The Immigration Enforcement Review Board was empowered to probe complaints from the public about violations of immigration-related state laws. Its members, appointed by Georgia’s top politicians, could issue subpoenas, place witnesses under oath and administer fines.
In practice, though, the panel became a political tool for office-seekers and a hotbed of infighting that was little used by citizens. Of the 20 complaints the board received in its first six years, all but one came from D.A. King, the well-known anti-illegal immigration activist.
Even King wasn’t sorry to see the board shut down. In an interview, he said the panel “refused to obey its own rules” by dismissing his complaints without allowing him a chance to present his arguments.
“It was a parody of a kangaroo court that had corrupt leadership,” he said, “and I’m thrilled to see it go.”
In a rare display of agreement, immigrant rights advocates agreed with his assessment. Azadeh Shahshahani of Project South, which provides legal support for unauthorized immigrants, called the demise of the board a “significant victory.”
“Their mere existence scared localities with scarce resources from taking steps to be welcoming toward immigrant communities,” she said. “This development is the result of years of work by communities to expose the problems with this body as well as brave localities, specifically the city of Decatur, standing up and fighting back.”
The board’s most recent chairman, James Balli, could not immediately be reached Monday. Former Republican state Rep. Matt Ramsey, who sponsored the legislation that created the board, declined to comment.
The board was included in a wide-ranging illegal immigration crackdown passed in 2011 that imposed new requirements on many businesses to ensure new hires are eligible to work in the U.S. and gave police officers authority to investigate the immigration status of some suspects.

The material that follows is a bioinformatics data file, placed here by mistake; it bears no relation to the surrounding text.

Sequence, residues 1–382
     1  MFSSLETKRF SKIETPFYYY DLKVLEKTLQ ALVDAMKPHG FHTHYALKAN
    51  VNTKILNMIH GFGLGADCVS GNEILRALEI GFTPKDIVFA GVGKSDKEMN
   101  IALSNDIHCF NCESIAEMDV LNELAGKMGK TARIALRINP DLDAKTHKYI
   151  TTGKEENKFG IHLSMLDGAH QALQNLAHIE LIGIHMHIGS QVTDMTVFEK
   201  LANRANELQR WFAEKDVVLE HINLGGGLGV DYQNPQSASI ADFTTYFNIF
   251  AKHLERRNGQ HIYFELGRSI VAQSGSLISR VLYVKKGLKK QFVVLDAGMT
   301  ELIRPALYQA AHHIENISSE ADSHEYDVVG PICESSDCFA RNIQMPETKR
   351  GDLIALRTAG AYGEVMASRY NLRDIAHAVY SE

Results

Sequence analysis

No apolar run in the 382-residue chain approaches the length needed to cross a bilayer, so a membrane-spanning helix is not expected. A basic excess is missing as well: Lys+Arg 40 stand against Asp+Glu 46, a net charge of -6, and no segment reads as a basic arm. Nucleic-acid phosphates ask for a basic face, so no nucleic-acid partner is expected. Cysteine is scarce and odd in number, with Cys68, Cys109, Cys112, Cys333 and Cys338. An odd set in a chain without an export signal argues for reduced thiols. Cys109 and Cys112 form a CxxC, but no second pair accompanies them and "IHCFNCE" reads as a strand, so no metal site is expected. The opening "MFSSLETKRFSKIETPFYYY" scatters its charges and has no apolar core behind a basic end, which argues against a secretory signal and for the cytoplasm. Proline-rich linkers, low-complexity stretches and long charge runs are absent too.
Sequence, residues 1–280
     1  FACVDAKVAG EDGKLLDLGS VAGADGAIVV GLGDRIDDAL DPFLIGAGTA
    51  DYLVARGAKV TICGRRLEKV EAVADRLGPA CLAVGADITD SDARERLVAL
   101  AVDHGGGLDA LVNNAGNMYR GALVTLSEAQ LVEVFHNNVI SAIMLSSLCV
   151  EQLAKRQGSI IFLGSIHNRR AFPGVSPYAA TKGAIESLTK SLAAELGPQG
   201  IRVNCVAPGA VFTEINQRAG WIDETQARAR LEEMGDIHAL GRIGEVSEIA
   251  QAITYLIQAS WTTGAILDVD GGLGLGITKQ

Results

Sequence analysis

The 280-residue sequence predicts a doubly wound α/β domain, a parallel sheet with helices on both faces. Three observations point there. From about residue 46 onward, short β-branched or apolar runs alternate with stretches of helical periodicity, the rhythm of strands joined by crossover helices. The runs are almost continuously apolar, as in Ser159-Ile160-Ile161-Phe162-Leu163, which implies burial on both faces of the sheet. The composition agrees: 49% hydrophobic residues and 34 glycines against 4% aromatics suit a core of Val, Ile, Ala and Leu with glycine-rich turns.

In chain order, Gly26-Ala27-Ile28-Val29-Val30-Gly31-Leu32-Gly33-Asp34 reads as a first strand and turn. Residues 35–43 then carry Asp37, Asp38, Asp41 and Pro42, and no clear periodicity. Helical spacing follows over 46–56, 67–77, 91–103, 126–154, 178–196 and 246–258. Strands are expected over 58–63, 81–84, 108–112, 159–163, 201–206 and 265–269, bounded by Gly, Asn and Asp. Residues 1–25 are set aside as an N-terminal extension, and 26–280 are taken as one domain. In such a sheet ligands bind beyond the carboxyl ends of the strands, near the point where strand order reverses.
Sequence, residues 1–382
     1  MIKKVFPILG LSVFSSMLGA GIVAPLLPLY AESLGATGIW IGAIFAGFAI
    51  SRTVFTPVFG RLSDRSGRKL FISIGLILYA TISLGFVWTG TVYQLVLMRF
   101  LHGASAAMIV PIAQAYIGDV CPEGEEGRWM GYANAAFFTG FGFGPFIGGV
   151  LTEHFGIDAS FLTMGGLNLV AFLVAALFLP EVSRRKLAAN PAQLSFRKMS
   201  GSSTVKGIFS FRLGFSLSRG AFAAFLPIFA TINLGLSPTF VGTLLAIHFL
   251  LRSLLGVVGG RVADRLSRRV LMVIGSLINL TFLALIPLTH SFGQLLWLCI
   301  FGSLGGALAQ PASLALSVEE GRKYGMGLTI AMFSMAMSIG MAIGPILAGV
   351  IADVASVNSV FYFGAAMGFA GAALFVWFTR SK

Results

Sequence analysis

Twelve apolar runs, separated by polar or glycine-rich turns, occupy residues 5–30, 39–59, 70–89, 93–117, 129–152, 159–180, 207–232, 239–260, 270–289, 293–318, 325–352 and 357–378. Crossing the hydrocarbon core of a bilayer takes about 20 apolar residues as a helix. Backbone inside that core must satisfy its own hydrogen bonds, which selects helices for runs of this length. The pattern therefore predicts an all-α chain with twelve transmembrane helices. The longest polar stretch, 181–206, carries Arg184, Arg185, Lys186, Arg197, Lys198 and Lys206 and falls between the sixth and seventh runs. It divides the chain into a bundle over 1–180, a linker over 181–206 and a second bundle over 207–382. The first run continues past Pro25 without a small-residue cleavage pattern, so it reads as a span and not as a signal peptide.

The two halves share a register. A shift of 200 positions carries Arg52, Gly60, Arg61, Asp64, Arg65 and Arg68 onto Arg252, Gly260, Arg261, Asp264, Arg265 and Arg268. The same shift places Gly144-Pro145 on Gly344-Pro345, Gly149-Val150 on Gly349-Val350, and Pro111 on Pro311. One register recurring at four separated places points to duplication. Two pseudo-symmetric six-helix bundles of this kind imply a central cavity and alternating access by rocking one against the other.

The seven-member panel was designed to investigate complaints about local and state government officials not enforcing state immigration-related laws. But it received few complaints over the years, and rarely imposed fines.
Its demise was hastened last year by then-Lt. Gov. Casey Cagle, a candidate for governor who filed a complaint shortly before the GOP primary alleging that the city of Decatur was creating sanctuaries for criminals.
The city’s officials accused Cagle of trying to use the board to pander to conservatives with a baseless claim, noting that the Republican quickly invoked his fight against the liberal bastion of Decatur in digital ads and stump speeches.
Cagle failed to show up at a hearing on the complaint, and at another meeting weeks later, a board member challenged a Decatur attorney to "talk to me out in the hall" in a bizarre and testy confrontation.
The city got the last word by filing a lawsuit alleging the board was violating the state's transparency laws. The board ultimately settled with the city, agreeing to make its proceedings more public and pay Decatur $12,000 in attorney fees and other costs.
The fallout left the board without its chairman and a longtime board member, who both resigned after Decatur's attorney questioned whether they had overstayed their term in office.
“The board ran its course. Having a single person file 95% of the complaints the board received shows it just wasn’t set up right from the start,” said Shawn Hanley, a former chair of the panel. “It was probably the right time to disband the board and find better ways to help Georgia cities and counties with compliance.”
Lawmakers, meanwhile, had grown tired of the fighting. The language to eliminate the panel was slipped into House Bill 553, a 13-page proposal originally filed to make changes to a little-known state commission.
State Rep. Katie Dempsey, the Rome Republican who introduced the measure, said the board was not “functioning as originally intended.” Her co-sponsor, Democratic state Rep. Mary Margaret Oliver of Decatur, put a finer point on it.
“I’m very happy to see it kaput. It was costing the state money. It was accomplishing no purpose,” said Oliver. “I’m delighted it’s gone. It wasn’t doing anything but costing taxpayers’ money.”